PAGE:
Is this IMHO or GD? Don’t know. Has this been discussed here before? Probably, but try searching for the text “article a an the” without crashing the server. Inspired by this post.
I’d been trying to write a computer program that, among other things, sorts titles intelligently. One of the rules in English is that, when you sort a list of phrases (e.g. titles) by their first letter, you must disregard articles (“a”, “an”, and “the”) if they are the first word in the phrase. This seems simple and straightforward enough, and easy to justify: who wants a big clump of titles filed under “the”, when the word “the” doesn’t add much to the title?
However! It’s not as simple as removing “a”, “an” and “the” from the beginning of each line so encumbered, because there is a small but significant number of potential titles that start with a word that looks like an article but is not an article - e.g. “A is for Apple” and “The The’s Discography”, though these probably make up most of the exceptions.
Another possible exception is where an indefinite article (“a”, “an”) is used as a quantifier. For example, “a day at a time” can be phrased as “one day at a time” without significantly changing its meaning, and that initial “a” is very significant - compare it to “three days at a time”. Is the first “a” still an article or an adjective? If you modify your sorting method to arrange numerics together, sorted by numerical value (e.g. “three thousand” comes after “two”), where do “a” and “an” fit in? Can you tuck them in with the ones?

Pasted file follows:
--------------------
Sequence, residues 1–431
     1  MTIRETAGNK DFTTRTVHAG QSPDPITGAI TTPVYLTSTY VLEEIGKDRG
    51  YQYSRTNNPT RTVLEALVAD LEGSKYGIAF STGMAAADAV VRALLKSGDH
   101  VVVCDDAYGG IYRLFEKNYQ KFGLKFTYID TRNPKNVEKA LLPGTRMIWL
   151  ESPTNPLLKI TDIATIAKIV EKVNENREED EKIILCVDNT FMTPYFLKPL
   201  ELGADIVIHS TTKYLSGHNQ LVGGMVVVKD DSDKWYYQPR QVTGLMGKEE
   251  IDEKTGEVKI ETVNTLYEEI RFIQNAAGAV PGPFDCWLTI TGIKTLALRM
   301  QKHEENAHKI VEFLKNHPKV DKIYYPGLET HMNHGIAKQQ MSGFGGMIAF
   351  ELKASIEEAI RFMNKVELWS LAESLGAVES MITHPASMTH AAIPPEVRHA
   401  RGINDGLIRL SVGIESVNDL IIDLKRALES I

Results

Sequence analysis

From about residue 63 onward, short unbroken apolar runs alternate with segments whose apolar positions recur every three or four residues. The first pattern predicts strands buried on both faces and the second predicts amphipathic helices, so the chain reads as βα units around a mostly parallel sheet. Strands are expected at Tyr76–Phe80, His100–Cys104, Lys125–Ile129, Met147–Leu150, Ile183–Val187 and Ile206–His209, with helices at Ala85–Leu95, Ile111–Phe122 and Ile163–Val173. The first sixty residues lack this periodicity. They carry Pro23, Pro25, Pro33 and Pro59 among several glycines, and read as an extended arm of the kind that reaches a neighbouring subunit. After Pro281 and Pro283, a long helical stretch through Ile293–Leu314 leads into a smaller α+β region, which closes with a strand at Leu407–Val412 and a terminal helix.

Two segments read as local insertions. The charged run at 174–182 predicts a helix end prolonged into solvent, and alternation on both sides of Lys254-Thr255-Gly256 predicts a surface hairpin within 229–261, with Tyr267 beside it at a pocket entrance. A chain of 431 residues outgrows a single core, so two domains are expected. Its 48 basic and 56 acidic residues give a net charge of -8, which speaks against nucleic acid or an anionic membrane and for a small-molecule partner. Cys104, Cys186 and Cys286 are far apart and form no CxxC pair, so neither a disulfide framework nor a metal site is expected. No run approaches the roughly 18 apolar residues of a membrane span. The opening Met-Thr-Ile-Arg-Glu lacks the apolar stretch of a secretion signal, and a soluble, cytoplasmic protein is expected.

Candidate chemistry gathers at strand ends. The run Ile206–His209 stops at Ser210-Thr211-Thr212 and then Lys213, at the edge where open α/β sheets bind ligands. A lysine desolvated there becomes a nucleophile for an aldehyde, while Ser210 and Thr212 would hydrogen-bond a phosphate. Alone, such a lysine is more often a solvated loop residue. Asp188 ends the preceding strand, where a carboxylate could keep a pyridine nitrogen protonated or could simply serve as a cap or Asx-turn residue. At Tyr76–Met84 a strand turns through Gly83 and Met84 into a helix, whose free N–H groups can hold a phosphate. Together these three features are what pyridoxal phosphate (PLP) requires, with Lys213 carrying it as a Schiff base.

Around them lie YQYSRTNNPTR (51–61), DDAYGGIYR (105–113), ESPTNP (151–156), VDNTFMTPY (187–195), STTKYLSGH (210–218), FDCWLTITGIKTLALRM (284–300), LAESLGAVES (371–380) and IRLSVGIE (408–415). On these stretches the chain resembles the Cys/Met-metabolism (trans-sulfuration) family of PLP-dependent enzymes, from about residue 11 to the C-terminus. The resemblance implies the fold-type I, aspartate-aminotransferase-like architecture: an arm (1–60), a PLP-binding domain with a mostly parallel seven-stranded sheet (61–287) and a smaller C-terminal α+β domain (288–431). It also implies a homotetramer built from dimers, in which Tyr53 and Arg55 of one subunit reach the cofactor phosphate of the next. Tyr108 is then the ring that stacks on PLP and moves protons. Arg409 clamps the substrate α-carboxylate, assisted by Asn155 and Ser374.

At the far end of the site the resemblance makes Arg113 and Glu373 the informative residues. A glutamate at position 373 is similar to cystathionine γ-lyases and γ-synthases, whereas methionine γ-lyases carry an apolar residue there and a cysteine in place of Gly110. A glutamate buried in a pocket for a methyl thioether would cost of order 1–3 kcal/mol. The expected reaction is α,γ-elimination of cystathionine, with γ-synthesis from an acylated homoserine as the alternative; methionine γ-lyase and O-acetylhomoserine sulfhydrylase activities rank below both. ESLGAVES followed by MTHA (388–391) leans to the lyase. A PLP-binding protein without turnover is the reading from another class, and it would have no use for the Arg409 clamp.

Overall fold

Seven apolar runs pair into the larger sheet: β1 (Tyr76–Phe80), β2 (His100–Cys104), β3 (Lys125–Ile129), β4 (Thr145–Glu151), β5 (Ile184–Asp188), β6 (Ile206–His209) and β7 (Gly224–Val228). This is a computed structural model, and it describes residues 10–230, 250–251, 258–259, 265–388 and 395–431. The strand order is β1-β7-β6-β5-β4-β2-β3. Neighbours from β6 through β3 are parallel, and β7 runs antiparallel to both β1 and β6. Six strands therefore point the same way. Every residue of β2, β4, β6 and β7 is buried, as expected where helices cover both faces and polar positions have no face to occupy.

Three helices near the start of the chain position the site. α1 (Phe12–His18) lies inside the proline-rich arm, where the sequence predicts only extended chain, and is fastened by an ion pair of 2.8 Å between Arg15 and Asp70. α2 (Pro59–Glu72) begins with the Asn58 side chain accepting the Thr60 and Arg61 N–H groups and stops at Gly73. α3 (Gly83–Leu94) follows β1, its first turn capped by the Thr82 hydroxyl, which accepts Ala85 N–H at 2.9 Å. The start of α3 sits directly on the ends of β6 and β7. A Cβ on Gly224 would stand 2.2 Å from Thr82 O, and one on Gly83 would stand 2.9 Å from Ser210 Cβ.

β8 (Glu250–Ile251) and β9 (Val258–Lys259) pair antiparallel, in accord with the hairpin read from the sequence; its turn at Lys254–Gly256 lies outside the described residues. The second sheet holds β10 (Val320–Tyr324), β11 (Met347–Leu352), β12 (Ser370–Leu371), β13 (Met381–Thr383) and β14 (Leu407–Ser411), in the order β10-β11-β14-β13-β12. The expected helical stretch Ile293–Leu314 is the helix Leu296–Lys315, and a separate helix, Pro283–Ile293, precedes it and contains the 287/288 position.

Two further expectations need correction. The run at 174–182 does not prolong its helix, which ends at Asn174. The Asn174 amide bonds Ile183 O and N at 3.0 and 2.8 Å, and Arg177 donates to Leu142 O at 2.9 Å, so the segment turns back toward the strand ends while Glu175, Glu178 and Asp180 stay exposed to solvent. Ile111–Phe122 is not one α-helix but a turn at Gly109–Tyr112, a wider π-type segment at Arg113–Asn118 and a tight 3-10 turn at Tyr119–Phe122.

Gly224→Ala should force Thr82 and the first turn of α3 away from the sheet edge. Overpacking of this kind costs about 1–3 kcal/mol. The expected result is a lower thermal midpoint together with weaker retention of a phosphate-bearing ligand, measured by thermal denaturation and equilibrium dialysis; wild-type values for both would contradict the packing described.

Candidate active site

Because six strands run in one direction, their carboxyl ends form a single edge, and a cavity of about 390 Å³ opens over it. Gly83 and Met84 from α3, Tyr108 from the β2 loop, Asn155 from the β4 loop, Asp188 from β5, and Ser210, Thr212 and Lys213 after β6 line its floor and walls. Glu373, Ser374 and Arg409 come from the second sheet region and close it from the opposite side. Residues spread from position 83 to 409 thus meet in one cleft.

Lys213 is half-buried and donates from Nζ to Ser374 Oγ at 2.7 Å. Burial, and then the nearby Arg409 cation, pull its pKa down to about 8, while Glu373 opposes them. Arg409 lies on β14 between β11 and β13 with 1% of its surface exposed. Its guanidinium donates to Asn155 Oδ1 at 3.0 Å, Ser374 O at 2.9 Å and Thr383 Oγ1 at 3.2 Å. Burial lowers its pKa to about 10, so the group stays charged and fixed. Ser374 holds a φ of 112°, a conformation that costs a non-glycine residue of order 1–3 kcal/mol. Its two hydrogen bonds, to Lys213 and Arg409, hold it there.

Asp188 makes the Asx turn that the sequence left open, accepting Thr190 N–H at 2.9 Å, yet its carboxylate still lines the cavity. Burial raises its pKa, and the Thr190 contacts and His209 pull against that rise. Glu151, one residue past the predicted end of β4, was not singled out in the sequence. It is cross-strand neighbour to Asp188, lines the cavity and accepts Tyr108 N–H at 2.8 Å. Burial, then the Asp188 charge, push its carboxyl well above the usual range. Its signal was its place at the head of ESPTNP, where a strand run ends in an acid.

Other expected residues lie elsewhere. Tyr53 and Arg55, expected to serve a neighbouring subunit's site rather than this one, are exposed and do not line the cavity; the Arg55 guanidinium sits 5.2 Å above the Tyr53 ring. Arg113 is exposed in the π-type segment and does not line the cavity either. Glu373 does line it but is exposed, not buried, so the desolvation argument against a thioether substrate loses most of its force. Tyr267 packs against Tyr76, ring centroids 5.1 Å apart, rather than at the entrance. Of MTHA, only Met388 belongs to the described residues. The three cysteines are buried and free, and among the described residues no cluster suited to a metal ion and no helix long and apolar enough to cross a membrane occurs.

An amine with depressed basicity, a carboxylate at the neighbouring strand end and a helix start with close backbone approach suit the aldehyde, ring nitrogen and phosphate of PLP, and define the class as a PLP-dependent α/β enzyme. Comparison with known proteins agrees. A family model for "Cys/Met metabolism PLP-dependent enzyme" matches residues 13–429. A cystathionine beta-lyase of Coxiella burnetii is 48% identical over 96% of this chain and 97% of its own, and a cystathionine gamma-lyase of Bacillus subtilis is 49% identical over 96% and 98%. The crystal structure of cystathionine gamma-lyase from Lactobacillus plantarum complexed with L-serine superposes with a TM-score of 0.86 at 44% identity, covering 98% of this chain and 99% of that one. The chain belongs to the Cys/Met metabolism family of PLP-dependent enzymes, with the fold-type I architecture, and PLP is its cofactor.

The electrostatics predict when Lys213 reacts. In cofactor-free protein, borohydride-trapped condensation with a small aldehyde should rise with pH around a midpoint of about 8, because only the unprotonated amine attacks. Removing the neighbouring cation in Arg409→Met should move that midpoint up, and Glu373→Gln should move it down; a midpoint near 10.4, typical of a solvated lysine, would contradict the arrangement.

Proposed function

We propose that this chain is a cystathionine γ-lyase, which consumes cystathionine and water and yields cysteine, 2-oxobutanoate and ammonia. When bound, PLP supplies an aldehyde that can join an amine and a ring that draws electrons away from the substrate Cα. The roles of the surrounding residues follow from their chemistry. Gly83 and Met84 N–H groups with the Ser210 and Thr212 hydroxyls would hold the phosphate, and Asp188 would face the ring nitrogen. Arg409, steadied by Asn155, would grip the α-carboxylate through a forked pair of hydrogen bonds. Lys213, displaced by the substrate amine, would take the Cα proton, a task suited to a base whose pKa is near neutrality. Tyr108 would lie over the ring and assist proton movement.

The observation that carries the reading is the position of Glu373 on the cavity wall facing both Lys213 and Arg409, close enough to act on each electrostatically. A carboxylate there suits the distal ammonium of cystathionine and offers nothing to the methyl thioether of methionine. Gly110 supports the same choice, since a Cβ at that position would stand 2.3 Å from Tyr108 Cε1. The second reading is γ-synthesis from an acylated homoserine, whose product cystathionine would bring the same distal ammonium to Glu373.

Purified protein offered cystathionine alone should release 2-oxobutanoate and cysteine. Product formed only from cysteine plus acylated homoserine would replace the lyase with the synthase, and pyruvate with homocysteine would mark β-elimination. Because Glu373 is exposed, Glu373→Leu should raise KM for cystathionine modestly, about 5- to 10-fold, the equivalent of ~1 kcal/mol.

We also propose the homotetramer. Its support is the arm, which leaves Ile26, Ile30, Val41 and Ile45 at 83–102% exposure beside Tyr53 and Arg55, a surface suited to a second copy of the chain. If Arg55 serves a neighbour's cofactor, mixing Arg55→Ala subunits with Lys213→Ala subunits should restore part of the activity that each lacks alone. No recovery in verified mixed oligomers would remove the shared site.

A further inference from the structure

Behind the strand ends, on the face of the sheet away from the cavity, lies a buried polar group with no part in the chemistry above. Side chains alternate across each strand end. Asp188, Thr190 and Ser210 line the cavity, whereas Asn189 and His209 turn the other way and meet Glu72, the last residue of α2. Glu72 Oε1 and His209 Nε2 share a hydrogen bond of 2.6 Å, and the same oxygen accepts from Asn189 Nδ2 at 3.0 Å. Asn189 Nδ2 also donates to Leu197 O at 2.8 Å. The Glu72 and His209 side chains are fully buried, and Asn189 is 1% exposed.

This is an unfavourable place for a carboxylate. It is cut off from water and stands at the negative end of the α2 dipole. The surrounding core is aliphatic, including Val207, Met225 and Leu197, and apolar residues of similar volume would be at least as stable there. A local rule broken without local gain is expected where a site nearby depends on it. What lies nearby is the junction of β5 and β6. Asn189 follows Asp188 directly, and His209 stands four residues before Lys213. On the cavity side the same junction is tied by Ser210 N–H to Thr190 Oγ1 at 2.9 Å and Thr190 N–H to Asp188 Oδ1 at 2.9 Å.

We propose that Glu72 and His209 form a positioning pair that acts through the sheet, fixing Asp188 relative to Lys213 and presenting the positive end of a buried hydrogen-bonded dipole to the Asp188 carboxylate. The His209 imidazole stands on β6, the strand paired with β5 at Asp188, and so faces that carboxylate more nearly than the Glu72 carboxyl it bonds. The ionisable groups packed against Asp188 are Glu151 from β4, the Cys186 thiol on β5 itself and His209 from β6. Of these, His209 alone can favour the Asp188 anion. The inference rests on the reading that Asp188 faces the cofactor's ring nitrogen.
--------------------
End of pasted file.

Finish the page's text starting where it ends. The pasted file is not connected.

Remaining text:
Long story short: Because the exceptions are so bloody difficult to parse precisely, I’ve given up on writing the perfect title sorting method, and opted instead for assuming that the person entering the data is smart enough to handle articles. A less than elegant solution, sure, but it’s not like this program was generating any revenue. But I’m still scratching my head over the mere existence of these seemingly innocent words.
So why does the English language still use these wretched things? From what I’ve read, not many modern languages rely on them so much. For example, many Romantic languages whose nouns have gender, such as French and Spanish, allow you to omit the article if the noun’s quantity is unambiguous.
Are articles vestigal? Should we cut them out like throbbing wisdom teeth?